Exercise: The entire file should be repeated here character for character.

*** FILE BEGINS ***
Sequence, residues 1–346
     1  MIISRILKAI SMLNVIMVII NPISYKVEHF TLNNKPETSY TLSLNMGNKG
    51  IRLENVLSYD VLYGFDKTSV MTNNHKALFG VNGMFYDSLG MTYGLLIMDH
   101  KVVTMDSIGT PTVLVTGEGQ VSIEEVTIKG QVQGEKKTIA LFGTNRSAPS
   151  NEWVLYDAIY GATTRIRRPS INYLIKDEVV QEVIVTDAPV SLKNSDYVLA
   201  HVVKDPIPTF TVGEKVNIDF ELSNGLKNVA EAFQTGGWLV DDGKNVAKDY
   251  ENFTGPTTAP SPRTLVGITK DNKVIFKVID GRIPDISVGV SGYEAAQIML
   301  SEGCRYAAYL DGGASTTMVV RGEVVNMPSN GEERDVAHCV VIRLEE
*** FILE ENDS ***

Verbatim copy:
Sequence, residues 1–346
     1  MIISRILKAI SMLNVIMVII NPISYKVEHF TLNNKPETSY TLSLNMGNKG
    51  IRLENVLSYD VLYGFDKTSV MTNNHKALFG VNGMFYDSLG MTYGLLIMDH
   101  KVVTMDSIGT PTVLVTGEGQ VSIEEVTIKG QVQGEKKTIA LFGTNRSAPS
   151  NEWVLYDAIY GATTRIRRPS INYLIKDEVV QEVIVTDAPV SLKNSDYVLA
   201  HVVKDPIPTF TVGEKVNIDF ELSNGLKNVA EAFQTGGWLV DDGKNVAKDY
   251  ENFTGPTTAP SPRTLVGITK DNKVIFKVID GRIPDISVGV SGYEAAQIML
   301  SEGCRYAAYL DGGASTTMVV RGEVVNMPSN GEERDVAHCV VIRLEE